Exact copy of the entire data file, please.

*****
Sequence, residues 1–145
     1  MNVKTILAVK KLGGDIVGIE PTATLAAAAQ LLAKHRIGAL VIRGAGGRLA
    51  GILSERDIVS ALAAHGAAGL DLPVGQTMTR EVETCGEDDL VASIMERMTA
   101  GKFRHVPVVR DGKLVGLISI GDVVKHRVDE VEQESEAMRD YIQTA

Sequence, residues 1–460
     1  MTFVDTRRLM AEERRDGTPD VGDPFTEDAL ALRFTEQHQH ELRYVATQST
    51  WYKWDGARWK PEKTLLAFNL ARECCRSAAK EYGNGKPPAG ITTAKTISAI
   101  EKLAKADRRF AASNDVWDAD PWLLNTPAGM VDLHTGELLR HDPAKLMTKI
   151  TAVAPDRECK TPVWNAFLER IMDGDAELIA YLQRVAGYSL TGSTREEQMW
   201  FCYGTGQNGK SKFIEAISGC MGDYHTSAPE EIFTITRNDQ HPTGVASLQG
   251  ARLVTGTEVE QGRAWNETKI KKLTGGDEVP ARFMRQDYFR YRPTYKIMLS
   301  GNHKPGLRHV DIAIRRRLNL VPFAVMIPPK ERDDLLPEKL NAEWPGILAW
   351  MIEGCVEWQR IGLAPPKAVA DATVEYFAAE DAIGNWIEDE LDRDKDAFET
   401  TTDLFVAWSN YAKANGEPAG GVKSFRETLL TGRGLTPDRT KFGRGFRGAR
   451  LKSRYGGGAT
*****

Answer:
Sequence, residues 1–145
     1  MNVKTILAVK KLGGDIVGIE PTATLAAAAQ LLAKHRIGAL VIRGAGGRLA
    51  GILSERDIVS ALAAHGAAGL DLPVGQTMTR EVETCGEDDL VASIMERMTA
   101  GKFRHVPVVR DGKLVGLISI GDVVKHRVDE VEQESEAMRD YIQTA

Sequence, residues 1–460
     1  MTFVDTRRLM AEERRDGTPD VGDPFTEDAL ALRFTEQHQH ELRYVATQST
    51  WYKWDGARWK PEKTLLAFNL ARECCRSAAK EYGNGKPPAG ITTAKTISAI
   101  EKLAKADRRF AASNDVWDAD PWLLNTPAGM VDLHTGELLR HDPAKLMTKI
   151  TAVAPDRECK TPVWNAFLER IMDGDAELIA YLQRVAGYSL TGSTREEQMW
   201  FCYGTGQNGK SKFIEAISGC MGDYHTSAPE EIFTITRNDQ HPTGVASLQG
   251  ARLVTGTEVE QGRAWNETKI KKLTGGDEVP ARFMRQDYFR YRPTYKIMLS
   301  GNHKPGLRHV DIAIRRRLNL VPFAVMIPPK ERDDLLPEKL NAEWPGILAW
   351  MIEGCVEWQR IGLAPPKAVA DATVEYFAAE DAIGNWIEDE LDRDKDAFET
   401  TTDLFVAWSN YAKANGEPAG GVKSFRETLL TGRGLTPDRT KFGRGFRGAR
   451  LKSRYGGGAT